Jim Steinmeyer, in his biography of Chung Sing Loo, writes that Torrini never existed. Or nobody has ever found a record of him. But it is an excellent story.

Incidentally, Houdini was famously advised never to do the bullet catch himself, and never did. It is a simple trick, but usually it involves a momentary loss of control of the instrument. Rather than the magician shooting, the magician usually selects someone from the audience to shoot at him.

When Hobbes wrote about nature blood in tooth and claw, he was referring, allegorically, to the audience at magic acts. The first magician who brought the bullet catch trick to America turned around, and in that moment the spectator who held the gun filled it with tacks – and must have had the tacks on hand, too. Anyway, of course, the magician was pelleted. Chung Sing Loo died of the bullet catch act. You can get a partial list here.

Now – interlude for some heavy bellringing as LI goes into a History channel overview re magick – magic in the sixteenth century, whether performed by the savage or the sage woman, was the same kind of stuff, derived from the devil. But by the eighteenth century, there was a fold. At that point the belief in magic, for the governing class of European, fell by the wayside. And so the native magician became ignorant, and the peasant became a tool of some more powerful personage playing on his credulity. Magic as a means of taking and keeping power produced a variation on the reading of the chief, the shaman, the ‘medecine man’, the figure flinger.

Bringing us on the wings of white magic angels to the nineteenth century, and Robert-Houdin, born in 1805 to a watchmaker. It is emblematic that nineteenth century magie blanche should arise from the same cadre that produced steam engines and cotton gins. At the beginning of his memoirs, Houdin breaks out into a nice bit of poetry that tells us a good deal about the 19th century:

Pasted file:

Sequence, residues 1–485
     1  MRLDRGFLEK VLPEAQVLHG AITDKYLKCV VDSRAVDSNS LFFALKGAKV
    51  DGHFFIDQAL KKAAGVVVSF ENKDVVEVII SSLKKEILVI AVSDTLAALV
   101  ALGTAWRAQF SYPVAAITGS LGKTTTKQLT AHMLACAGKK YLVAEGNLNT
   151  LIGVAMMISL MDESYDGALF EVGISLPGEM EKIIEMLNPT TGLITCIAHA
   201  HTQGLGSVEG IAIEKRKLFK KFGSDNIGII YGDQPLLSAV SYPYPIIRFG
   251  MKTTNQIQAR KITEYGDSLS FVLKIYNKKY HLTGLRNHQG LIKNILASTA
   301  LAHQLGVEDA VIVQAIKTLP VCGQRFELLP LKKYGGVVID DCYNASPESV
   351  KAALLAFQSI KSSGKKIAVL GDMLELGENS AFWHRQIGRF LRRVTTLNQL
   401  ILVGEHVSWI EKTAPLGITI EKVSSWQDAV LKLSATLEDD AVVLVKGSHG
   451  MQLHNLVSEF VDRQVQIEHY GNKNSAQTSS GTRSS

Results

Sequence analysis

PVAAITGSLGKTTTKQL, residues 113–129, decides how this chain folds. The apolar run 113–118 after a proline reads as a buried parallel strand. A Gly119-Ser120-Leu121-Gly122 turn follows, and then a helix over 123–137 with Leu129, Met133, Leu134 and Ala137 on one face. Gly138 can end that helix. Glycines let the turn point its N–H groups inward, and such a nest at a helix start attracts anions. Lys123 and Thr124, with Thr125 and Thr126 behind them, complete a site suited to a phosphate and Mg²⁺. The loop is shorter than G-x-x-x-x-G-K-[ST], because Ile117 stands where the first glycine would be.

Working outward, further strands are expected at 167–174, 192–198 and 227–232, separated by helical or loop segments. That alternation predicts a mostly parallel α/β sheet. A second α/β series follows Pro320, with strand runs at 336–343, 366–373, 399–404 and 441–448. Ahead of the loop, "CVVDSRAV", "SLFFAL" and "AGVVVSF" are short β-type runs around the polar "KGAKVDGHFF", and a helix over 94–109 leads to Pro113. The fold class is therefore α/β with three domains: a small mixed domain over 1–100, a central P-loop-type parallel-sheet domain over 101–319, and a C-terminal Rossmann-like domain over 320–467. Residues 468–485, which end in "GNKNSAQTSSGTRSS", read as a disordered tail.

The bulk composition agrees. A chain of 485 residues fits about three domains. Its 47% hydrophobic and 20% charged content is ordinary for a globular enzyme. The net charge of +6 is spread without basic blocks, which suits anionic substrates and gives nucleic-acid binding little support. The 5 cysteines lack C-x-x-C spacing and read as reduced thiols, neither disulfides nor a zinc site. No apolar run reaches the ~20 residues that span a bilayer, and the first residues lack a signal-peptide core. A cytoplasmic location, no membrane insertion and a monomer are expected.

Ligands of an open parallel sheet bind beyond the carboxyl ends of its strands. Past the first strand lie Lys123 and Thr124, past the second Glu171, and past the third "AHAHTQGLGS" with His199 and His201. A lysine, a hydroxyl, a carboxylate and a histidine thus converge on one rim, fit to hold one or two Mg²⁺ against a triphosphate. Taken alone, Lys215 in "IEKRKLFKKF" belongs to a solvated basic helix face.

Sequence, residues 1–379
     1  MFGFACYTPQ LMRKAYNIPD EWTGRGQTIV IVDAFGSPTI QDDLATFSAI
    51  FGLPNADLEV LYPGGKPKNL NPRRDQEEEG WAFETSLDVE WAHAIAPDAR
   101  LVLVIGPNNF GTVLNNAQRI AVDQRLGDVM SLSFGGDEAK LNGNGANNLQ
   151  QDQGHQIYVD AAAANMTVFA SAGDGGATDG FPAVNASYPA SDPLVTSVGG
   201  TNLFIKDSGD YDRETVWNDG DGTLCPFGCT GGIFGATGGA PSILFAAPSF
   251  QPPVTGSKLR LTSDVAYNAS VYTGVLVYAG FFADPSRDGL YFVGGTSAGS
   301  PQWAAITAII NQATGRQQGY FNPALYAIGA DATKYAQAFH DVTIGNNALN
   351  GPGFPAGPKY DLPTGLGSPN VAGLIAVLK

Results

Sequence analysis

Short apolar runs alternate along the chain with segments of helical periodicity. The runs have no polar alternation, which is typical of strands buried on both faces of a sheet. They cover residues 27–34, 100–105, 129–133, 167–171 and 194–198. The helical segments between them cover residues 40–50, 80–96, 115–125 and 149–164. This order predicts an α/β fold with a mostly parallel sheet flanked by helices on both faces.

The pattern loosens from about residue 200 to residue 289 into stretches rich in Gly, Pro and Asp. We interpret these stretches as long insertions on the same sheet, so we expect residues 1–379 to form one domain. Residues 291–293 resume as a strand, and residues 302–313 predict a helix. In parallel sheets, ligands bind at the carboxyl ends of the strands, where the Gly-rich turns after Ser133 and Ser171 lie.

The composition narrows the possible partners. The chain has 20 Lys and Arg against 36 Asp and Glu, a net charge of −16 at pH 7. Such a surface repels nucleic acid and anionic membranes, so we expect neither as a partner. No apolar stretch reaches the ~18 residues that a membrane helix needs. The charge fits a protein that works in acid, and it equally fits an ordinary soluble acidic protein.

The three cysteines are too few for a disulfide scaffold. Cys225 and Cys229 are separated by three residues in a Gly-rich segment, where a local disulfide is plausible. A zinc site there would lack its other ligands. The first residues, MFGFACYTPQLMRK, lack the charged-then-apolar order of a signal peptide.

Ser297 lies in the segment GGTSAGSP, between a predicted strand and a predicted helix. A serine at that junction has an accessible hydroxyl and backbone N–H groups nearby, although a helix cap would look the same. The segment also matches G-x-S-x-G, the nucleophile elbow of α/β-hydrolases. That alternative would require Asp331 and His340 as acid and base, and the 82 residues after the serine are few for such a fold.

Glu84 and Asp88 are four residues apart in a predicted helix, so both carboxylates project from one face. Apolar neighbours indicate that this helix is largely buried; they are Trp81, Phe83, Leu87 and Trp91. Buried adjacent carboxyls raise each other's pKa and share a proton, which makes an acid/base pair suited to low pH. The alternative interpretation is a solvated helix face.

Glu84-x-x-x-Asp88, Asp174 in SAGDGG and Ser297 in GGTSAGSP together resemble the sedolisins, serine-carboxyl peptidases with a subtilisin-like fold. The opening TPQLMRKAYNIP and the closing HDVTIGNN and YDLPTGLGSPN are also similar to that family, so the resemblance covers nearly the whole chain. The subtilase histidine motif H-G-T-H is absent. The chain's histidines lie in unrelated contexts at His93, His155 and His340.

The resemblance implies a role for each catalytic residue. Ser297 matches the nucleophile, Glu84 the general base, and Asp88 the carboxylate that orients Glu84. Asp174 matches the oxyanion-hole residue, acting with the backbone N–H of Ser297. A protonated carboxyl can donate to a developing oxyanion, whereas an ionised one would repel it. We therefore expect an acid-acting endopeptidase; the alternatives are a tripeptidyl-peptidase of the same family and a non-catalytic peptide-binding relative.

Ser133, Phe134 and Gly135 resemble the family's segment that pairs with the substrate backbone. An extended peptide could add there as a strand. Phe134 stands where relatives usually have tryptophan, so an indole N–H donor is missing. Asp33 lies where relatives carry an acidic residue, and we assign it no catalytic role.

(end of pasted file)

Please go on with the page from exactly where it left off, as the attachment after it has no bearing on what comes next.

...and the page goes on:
“How often, in my infantile dreams, did a benevolent fairy open before me the door of a mysterious El Dorado, where tools of every description were piled up. The delight which these dreams produced on me were the same as any other child feels when his fancy summons up before him a fantastic country where the houses are made of chocolate, the stones of sugar-candy, and the men of gingerbread. It is difficult to understand this fever for tools; the mechanic, the artist, adores them, and would ruin himself to obtain them. Tools, in fact, are to him what a ms. is to the archaeologist, a coin to the antiquary, or a pack of cards to a gambler: in a word, they are the implements by which a ruling passion is fed.”

My brothers have the same unconquerable passion for the El Dorado of tools. Of course, nowadays, we can drive to it. It is called Home Depot.

Actually, Houdin’s memoirs are full of these Stendhal like touches. Perhaps this is why Henri Bergson read him. There is a passage in Energie spirituelle by Bergson I’m gonna translate, and then we are finished with this here post.